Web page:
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Feudo Maccari Maharis 2007
Critical AcclaimAll Vintages
The Feudo Maccari lies just over a mile from the sea, and basks in a dry, sun drenched climate verging on torrid in the summer months. Mediterranean winds moderate the climate and aerate the clusters, and some irrigation is required during the hot, dry season. The vineyards lie 240 feet above sea level on southerly exposed slopes, and the predominant volcanic soil profile is mixed in a few areas with white sand and chalk deposits. The Nero d’Avola vines are trained on trees in the traditional Sicilian manner, with the other varieties to more conventional systems. The first vintage of Saia, composed entirely of Nero d’Avola, is in the 2002 vintage; experimentation continues with other varieties.
The diversity of the estates’ soil and climatic conditions dictates that cultivation and winemaking follow the demands of the environment and pursuit of quality. Yields are restricted, and at harvest the clusters are handpicked, sorted, destemmed, and put into a conveyer-belt apparatus which breaks the skins rather than crushes the berries. Fermentation takes place in a combination of temperature controlled stainless steel and lined open-top fermentors with maceration periods appropriate to the varietal in question followed by natural malolactic fermentation in tank. Cooperage consists primarily of 225-liter barriques with some capacity in 500-litre tonneaux, and is of new and one year’s use; length of oak contact depends on both the wine and vintage, but generally lasts for a period of twelve to eighteen months. A first blending of lots takes place when the wine is placed in barrique; a second at the first racking. The wines are then bottled with minimum intervention.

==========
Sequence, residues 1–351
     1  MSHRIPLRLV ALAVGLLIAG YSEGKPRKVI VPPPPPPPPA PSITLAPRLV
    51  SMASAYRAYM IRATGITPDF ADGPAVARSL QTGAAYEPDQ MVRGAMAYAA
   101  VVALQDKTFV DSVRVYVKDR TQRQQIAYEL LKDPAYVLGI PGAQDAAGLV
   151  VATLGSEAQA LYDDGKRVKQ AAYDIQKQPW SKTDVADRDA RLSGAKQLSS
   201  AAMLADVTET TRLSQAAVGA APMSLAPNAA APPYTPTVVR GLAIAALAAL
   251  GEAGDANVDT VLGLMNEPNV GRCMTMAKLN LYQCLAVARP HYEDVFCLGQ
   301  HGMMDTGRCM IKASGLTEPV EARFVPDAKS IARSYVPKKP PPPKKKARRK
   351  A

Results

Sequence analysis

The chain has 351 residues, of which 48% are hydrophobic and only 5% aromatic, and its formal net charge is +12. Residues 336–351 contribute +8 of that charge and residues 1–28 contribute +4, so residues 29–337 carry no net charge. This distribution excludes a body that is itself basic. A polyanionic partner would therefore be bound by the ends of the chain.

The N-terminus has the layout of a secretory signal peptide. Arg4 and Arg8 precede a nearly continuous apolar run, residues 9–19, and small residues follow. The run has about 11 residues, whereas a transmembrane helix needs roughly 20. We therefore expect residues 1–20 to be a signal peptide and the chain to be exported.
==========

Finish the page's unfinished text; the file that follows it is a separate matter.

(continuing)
A large, geographically and climatically diverse island off the toe of Italy, Sicily has long been recognized for its fortified Marsala wines. It is also home to red and white table wines that have been steadily increasing in quality and popularity over the past few decades, allowing Italy’s fourth largest wine-producing region to shed its former image as merely a supplier of bulk wine. Certainly, plenty of bulk wine is still made here, but those who look beyond that will find plenty of high-quality wines for every-day drinking as well as bottles from boutique producers who espouse thoughtful vineyard practices (the organic wine movement thrives here). Though most think of the climate here as simply hot and dry, there is some variation on the sun-drenched island, particularly at high elevation on the slopes of Mount Etna.
Although Sicily’s comeback began with clever labels and easily recognizable international varieties, its charm lies in its indigenous grapes. Nero d’Avola is the most widely planted red variety, responsible for full-bodied, berry fruited wines throughout the island. In Cerasuolo di Vittoria, it is blended with the lighter, more floral Frappato to create an elegantly balanced wine. On the volcanic soils of Mount Etna, many noteworthy wines are being produced in every color—whites from Cataratto and Carricante, and rosés from Nerello Mascalese and Nerello Cappuccio. All of these wines share a racy streak of minerality and at their best can bear more than a slight resemblance to their respective Burgundies. Grillo and Inzolia, the grapes of Marsala, are used to produce generally simple, crisp dry whites. Pantelleria, a subtropical island belonging to the province of Sicily, specializes in Moscato di Pantelleria, made from the variety locally known as Zibibbo.
With hundreds of red grape varieties to choose from, winemakers have the freedom to create a virtually endless assortment of blended wines. In many European regions, strict laws are in place determining the set of varieties that may be used, but in the New World experimentation is permitted and encouraged. Blending can be utilized to create complex wines with many different layers of flavors and aromas, or to create more balanced wines. For example, a variety that is soft and full-bodied may be combined with one that is lighter with naturally high acidity. Sometimes small amounts of a particular variety are added to boost color or aromatics. Blending can take place before or after fermentation, with the latter, more popular option giving more control to the winemaker over the final qualities of the wine.